In fact, the BZP is “thoroughly desocialized” and more or less ignores health problems associated with poverty, unemployment, race, ethnicity, education or other social determinants. He cautions about the role of “lifestyle” or “wellness” industry professionals in framing the discussion about healthy places.

Carter notes that some of Buettner’s points, such as “sense of purpose” and “belong to a faith-based community” are unlikely to be cited by health professionals, and while Buettner claims that these can add up to 7 years to your life expectancy, this individualizes findings that are aggregate and probabilistic in nature.

Further, I suggest that the idea that communing with an imaginary Sky-Daddy having an effect on health is probably much too narrow. You might achieve the same group comfort from singing in a community chorus or playing Bingo weekly.

albert leasThe original demonstration community, Albert Lea, MN adopted Buettner’s recommendations for a 10 month trial run, building more sidewalks (but only in the downtown area) and residents agreed to “deconvenience” their lives, walking more and putting aside snowblowers for snow shovels, a recommendation that cardiologists might dispute. At the end of this period using an on-line “Vitality Calculator,” they claimed residents had added 3.1 years to their life expectancy. However, their simple diet and exercise questions have not actually been validated.

And, the BZP has almost nothing to say about the health care sector: doctors, clinics, and hospitals. It concentrates on health-promotion and lifestyle management. Not having medical buy-in to this project seems short-sighted.

NasBeachSmIt also has nothing to say about diseases, other than making the preposterous claim that one Greek man living in the U.S., Stamatis Moriatis, had developed “terminal lung cancer,” but on return to his home in Ikaria, the disease eventually vanished, as if the healthy village lifestyle somehow cured his cancer. Spontaneous remission in cancers do happen, but outlandish claims like this one border on magical thinking. Buettner has spread articles about Moriatis all over the Internet, but that does not make them true. And he presents no medical evidence.

The Iowa Project

Carter notes that the BZP cooperated with Iowa Governor Terry Branstad to set up four demonstration sites, and after a competition among Iowa cities, four northern locations were chosen: Cedar Falls, Waterloo, Mason City (home of The Music Man’s con game) and Spencer. Financing for these 4 projects was provided by Iowa’s Wellmark Blue Cross, who paid Healthways $25 million for the five year demonstration. This also means that all Iowans did not have equal access to the potential benefits: another trait of such neoliberal projects.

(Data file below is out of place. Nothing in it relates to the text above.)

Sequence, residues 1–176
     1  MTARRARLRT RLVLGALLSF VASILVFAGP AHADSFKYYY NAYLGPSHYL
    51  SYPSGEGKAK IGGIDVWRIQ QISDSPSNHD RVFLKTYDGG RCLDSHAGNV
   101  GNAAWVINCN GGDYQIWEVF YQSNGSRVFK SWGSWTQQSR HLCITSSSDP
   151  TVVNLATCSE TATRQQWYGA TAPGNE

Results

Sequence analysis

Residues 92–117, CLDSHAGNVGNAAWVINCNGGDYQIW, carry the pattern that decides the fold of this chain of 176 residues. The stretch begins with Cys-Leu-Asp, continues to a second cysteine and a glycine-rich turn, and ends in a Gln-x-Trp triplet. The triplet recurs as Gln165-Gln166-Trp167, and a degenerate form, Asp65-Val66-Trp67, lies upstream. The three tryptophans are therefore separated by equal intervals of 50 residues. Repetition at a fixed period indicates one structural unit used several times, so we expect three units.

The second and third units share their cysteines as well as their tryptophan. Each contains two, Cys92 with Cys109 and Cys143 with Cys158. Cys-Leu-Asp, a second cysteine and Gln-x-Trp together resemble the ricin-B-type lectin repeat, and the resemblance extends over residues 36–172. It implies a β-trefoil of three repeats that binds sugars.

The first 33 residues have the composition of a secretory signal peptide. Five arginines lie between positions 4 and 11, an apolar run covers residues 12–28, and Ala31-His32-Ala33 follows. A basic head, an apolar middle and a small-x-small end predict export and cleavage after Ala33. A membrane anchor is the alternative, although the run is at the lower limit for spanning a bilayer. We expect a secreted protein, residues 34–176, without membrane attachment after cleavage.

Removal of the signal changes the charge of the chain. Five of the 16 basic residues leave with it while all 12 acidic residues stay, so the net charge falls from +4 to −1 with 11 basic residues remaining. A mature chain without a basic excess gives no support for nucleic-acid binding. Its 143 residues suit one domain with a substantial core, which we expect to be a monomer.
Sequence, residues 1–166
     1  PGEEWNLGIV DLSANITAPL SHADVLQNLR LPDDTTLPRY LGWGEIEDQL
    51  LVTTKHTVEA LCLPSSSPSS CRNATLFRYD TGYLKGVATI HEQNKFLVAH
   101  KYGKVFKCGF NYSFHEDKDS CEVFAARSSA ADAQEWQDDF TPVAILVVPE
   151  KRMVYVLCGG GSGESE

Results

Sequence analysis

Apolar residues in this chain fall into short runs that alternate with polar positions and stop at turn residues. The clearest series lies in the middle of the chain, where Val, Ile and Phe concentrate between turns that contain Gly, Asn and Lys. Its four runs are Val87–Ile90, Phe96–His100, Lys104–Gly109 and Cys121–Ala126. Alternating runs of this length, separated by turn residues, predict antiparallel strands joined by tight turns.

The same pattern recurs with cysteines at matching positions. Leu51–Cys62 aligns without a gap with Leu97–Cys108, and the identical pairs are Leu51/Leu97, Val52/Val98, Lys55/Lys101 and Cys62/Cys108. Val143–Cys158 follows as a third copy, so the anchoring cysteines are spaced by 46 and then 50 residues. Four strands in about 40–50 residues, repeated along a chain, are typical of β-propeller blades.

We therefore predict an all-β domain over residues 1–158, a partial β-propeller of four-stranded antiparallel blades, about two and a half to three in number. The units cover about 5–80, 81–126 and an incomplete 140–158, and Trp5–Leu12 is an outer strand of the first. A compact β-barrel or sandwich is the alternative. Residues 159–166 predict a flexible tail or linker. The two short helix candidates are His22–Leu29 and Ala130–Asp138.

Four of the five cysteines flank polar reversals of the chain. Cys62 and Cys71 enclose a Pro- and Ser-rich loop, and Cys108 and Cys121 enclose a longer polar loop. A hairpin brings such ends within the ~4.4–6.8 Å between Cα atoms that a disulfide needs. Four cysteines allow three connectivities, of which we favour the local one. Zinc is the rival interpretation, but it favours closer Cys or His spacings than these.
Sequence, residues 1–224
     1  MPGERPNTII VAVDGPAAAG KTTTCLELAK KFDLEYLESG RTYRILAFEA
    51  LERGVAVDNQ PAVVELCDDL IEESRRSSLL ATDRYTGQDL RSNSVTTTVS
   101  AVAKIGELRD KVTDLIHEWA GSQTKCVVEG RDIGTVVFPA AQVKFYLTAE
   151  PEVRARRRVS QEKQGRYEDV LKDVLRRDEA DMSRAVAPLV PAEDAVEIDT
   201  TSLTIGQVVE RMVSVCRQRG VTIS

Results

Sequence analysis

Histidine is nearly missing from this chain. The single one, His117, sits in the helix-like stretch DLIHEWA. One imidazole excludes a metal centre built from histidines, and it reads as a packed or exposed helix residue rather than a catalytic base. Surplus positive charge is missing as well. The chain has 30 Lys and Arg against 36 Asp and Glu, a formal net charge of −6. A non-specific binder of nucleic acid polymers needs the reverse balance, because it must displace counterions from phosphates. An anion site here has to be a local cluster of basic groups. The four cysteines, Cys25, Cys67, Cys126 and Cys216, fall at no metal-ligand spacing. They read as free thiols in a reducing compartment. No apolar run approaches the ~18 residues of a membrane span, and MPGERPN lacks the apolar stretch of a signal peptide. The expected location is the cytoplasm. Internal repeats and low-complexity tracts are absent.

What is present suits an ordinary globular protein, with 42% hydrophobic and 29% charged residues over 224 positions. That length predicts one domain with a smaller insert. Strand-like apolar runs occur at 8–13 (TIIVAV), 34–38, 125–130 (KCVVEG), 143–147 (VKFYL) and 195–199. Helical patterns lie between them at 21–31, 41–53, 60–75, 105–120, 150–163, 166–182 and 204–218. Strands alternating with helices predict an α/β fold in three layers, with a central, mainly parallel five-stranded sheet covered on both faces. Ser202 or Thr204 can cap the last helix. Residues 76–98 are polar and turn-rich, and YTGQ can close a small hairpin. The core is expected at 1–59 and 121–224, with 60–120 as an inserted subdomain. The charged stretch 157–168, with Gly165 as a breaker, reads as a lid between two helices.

In Iowa’s case, Branstad wanted to use the BZP to avoid expanding Medicaid for the Affordable Care Act, giving the BZP a political tinge as well.

Iowa outcomes

Recently, we learned that Cedar Rapids and Marion, IA were dropping the Blue Zones project. At the end of the demonstration period, towns had to pay to continue, and

“Cost was a factor as we would have to pay to continue to use the brand and tap into their Blue Zones network,” said Geoff Fruin, Iowa City manager.”

Cedar Rapids was selected as a Blue Zones demonstration site in 2013 and certified in 2016.

Cedar Rapids contributed up to $25,000 a year matched by $30,000 over three years from Linn County, and about $50,000 total in private contributions to pay for four full time staff members and office space, said Assistant City Manager Sandi Fowler.

She said the fee to renew with Blue Zones is considered proprietary information, and therefore was confidential.

Discussion

The BZP, according to Carter, is classic neoliberal governmentality: a commercial venture with a public-private partnership that asks people to take responsibility for and govern themselves. Such a system can only work in a homogeneous community and has no remedy for “persistent structural causes of health inequality.”

The BZP requires community buy-in to such things as “walkability and bike-ability,” that may require substantial investment to achieve. Wilton is a rural New England community, and outside of the diminutive downtown area of a couple of dozen stores, there are basically no sidewalks or bike paths. The town is built on rocky hills, and such construction could run into millions of dollars. It is instructive to note that most of the demonstration communities are in the Midwest, where there are few hills, while towns like Wilton are nearly all hills, making walkability and bike-ability that much harder to achieve.

Much of what BZP proposes amounts to changes in eating habits, which they then proudly trumpet in aggregate weight loss statistics. This is essentially a diet, and research has continually shown that diets do not work. People tend to regress to the mean about the time the demonstration period ends.

Further, the BZP has frequently suggested things like small bowls as glasses in restaurants to keep people from overeating. Unfortunately this is all based on Brian Wansink’s work at Cornell, nearly all of which has been retracted and Wansink dismissed from Cornell for essentially faking his data!